Motor imagery is a mental process by which an individual rehearses or simulates a given action. It is widely used in sport training as mental practice of action, neurological rehabilitation, and has also been employed as a research paradigm in cognitive neuroscience and cognitive psychology to investigate the content and the structure of unconscious processes that precede the execution of action. In some medical and athletic contexts, when paired with physical rehearsal, mental rehearsal can be as effective as pure physical rehearsal of an action. It can also be defined as a dynamic state during which an individual mentally simulates a given action. This type of phenomenal experience implies that the subject feels himself performing the action. It corresponds to the so-called internal imagery (or first person perspective) of sport psychologists.
Mental practice of action
Mental practice refers to use of visuo-motor imagery with the purpose of improving motor behavior. Visuo-motor imagery requires the use of one’s imagination to simulate an action. It has come to the fore due to the relevance of imagery in enhancing sports and surgical performance.
Mental practice is frequently used by athletes and coaches to increase performance.
Mental practice is frequently used by medical students to learn and improve fine-motor skills involved with procedures like surgery.
Mental practice has been used to rehabilitate motor deficits in a variety of neurological disorders. Mental practice of action seems to improve balance in individuals with multiple sclerosis, and balance in elderly women (Fansler, Poff, & Shepard, 1985). For instance, mental practice has been used with success in combination with actual practice to rehabilitate motor deficits in a patient with sub-acute stroke. Several studies have also shown improvement in strength, function, and use of both upper and lower extremities in chronic stroke.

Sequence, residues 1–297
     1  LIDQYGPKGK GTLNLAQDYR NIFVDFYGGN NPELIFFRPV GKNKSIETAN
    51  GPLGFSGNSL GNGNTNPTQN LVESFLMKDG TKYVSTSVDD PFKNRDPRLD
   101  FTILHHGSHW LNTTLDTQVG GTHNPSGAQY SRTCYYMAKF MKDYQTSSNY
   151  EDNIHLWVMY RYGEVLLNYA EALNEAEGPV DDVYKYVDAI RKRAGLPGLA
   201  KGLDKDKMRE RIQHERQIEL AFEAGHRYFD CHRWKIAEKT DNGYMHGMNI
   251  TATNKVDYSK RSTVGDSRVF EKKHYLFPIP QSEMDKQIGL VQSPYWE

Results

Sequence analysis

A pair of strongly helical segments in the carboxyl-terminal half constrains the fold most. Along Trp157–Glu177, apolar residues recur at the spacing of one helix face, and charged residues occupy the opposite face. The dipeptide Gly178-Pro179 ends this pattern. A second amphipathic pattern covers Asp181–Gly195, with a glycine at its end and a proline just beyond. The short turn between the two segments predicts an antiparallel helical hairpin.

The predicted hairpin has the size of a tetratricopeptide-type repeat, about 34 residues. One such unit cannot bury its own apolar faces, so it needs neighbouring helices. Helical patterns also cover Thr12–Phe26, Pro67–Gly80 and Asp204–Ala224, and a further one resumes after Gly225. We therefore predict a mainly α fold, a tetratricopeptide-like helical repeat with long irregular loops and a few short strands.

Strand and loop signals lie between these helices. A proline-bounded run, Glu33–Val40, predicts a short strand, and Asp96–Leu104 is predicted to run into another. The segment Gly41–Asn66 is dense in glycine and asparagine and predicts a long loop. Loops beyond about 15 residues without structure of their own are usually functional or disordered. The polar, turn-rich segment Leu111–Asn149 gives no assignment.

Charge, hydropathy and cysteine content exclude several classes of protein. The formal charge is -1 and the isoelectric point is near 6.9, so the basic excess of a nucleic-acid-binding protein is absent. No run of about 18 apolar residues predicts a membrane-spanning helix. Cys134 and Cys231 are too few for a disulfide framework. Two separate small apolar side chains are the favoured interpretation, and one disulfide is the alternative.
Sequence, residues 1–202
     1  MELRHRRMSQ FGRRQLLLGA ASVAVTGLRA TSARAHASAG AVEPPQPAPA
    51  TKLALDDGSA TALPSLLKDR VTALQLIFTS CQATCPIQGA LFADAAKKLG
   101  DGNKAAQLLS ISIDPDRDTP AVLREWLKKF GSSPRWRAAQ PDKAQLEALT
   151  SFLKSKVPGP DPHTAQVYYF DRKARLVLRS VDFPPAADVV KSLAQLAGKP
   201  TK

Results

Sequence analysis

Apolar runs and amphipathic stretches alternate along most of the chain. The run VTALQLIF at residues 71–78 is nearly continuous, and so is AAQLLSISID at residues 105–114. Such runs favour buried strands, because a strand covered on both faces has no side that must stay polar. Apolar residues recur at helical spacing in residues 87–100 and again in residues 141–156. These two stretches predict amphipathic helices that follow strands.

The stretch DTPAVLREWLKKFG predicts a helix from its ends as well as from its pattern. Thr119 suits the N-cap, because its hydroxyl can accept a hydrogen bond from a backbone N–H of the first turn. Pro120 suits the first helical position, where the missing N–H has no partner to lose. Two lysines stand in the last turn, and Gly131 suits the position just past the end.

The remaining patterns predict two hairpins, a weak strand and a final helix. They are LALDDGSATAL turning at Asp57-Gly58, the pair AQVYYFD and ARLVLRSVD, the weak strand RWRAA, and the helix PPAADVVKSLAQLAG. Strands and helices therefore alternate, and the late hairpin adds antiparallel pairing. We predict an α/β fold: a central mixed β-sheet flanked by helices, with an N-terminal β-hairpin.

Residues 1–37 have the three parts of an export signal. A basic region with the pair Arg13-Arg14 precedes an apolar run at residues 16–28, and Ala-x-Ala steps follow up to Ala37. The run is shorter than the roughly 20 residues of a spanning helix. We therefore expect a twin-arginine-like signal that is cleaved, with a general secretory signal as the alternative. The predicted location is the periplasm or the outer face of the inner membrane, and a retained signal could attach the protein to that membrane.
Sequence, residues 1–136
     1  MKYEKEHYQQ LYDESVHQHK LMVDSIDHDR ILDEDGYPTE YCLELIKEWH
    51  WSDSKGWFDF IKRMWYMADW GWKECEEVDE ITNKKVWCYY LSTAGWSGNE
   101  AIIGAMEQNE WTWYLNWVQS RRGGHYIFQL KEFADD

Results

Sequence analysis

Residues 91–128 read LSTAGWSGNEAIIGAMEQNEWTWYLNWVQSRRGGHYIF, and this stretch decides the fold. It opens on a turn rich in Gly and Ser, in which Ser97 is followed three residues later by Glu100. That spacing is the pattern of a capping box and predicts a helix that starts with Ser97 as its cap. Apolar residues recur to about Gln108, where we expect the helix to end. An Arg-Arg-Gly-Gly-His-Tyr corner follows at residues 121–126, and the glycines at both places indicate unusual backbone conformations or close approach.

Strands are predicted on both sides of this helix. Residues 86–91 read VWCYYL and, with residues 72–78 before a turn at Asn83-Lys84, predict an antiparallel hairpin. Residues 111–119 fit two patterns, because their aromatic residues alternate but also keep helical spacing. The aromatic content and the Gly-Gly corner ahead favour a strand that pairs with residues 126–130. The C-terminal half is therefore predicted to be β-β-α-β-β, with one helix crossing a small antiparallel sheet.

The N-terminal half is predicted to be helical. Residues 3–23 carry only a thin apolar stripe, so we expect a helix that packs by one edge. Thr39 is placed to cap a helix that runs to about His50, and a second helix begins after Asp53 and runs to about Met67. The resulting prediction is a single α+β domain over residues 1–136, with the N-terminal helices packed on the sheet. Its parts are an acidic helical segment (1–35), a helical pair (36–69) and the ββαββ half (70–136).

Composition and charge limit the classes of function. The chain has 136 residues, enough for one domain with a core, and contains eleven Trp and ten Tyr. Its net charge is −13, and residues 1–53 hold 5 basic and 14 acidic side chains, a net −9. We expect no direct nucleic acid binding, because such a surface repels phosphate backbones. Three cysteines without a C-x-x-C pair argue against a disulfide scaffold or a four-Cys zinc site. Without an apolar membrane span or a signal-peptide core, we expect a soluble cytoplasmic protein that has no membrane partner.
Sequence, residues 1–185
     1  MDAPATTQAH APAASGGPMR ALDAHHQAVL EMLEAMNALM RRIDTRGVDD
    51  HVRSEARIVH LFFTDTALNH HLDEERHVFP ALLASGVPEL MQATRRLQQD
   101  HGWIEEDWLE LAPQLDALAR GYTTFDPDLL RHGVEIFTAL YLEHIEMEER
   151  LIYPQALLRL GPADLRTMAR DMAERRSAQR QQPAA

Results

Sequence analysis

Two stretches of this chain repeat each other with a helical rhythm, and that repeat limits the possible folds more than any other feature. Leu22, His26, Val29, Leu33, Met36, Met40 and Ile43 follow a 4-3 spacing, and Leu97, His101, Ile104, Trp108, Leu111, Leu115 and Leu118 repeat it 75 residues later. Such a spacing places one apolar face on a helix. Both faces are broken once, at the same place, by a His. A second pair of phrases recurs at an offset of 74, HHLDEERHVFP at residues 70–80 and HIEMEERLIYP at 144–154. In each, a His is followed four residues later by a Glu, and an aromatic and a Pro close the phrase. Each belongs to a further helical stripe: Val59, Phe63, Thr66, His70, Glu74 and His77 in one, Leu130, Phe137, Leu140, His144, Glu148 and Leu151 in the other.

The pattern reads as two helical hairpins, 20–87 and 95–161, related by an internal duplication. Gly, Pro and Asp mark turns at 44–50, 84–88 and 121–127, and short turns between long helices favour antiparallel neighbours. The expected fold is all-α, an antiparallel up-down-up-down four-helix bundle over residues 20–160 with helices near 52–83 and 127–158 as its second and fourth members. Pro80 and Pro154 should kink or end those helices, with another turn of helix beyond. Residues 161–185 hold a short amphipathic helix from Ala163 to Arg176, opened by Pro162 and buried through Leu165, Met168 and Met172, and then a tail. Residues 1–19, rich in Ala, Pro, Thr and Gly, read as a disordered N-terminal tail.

The effects of motor imagery
1. Motor imagery is now widely used as a technique to enhance motor learning and to improve neurological rehabilitation in patients after stroke. Its effectiveness has been demonstrated in musicians.
2. On motor learning: Motor imagery is an accepted procedure in the preparation of athletes. Such practice usually covers a warming up period, relaxation and concentration, and then mental simulation of the specific movement.
3. In neurological rehabilitation: There is some evidence to suggest that motor imagery provides additional benefits to conventional physiotherapy or occupational therapy. However, a recent systematic review indicates that there is modest evidence supporting the additional benefit of motor imagery compared to only conventional physiotherapy in patients with stroke. These authors concluded that motor imagery appears to be an attractive treatment opinion, easy to learn and to apply and the intervention is neither physically exhausting nor harmful. Therefore, motor imagery may generate additional benefit for patients.
4. Motor imagery can act as a substitute for the imagined behavior, producing similar effects on cognition and behavior. The repeated simulated consumption of a food, for example, can reduce subsequent actual consumption of that food.
Mental simulation may also be a representational tool to understand the self and others. Philosophy of mind and developmental psychology also draw on simulation to explain our capacity to understand mental states (intentions, desires, feelings, and beliefs) of others. In this context, the basic idea of simulation is that the attributor attempts to mimic the mental activity of the target by using his own psychological resources. In order to understand the mental state of another when observing the other acting, the individual imagines herself/himself performing the same action, a covert simulation that does not lead to an overt behavior. One critical aspect of the simulation theory of mind is the idea that in trying to impute mental states to others, an attributor has to set aside her own current mental states, and substitutes those of the target.
Source: Motor Imagery